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Just Court ADR

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Posts Tagged ‘foreclosure mediation’

End of One Era, Beginning of Another

Susan M. Yates, August 31st, 2018

August 31, 2018, will mark the end of an era at RSI. Our five-year foreclosure mediation grant from the Office of the Illinois Attorney General will come to an end.

This grant, which we received 15 years into our operation, was our opportunity to prove that when given sufficient resources, RSI could deliver the kind of quality court mediation program that we had been recommending to others all those years. I used terms like “practice what we preach,” “proof is in the pudding” and even, “put up or shut up!”

At that time, we promised to:

  • Work with courts and other stakeholders to design and operate three foreclosure mediation programs in three judicial circuits in northern Illinois
  • Develop and conduct training for mediators in our programs and those operated by our partner organizations farther downstate
  • Develop an online system to collect data about the programs enabling us to produce regular statistical reports and two comprehensive evaluations

I am happy to report that we delivered!

In the process, we confirmed some maxims about how to do quality court ADR and added a few corollaries.

  1. Study first

Before we start working with a court on their ADR program, we update our knowledge of the particular area in which we will be working. In this situation we researched what was happening across the country with foreclosure and how courts were using alternative approaches.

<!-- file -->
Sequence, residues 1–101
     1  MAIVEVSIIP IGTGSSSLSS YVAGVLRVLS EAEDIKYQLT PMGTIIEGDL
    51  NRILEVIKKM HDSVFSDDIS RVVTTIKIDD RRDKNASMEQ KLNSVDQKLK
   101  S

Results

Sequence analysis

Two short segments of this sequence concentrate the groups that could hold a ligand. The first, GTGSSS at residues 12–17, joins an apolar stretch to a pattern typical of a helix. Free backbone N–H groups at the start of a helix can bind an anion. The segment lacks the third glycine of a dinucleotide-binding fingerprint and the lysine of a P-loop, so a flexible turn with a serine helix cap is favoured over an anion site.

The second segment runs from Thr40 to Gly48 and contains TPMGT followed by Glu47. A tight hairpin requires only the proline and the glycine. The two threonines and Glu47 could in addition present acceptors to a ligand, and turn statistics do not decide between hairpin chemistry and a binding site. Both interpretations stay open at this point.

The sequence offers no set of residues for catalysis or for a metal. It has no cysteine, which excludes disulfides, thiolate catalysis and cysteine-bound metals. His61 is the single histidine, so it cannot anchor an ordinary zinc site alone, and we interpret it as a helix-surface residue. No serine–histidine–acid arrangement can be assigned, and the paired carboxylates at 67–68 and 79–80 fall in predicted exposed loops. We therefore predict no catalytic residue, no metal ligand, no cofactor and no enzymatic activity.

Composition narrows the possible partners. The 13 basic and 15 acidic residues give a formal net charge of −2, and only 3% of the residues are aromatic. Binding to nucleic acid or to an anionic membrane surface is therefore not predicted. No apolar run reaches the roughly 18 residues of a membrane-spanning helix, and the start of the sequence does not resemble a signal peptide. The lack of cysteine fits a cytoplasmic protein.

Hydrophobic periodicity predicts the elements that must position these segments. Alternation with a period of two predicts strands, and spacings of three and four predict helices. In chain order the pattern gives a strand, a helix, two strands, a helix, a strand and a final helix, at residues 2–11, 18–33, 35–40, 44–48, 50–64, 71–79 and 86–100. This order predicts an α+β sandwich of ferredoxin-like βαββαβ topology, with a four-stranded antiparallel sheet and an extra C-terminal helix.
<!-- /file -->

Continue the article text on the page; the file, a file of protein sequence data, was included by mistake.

Corollary: Sometimes you have to build the plane while flying it. In the midst of a national foreclosure crisis, courts across the country were scrambling to keep up. While it was helpful to see what others were doing, we needed to figure out how to do foreclosure mediation in a way that worked in Illinois courts with their particular needs and resources.

  1. Work with stakeholders

We know that it is critical to bring together all the stakeholders while developing a court ADR system so that their various needs can be considered. In foreclosure mediation, the usual stakeholders – judges, court administrators, mediators and lawyers for both lenders and borrowers – were joined by a new addition: housing counselors, who were critical to the success of many of the programs.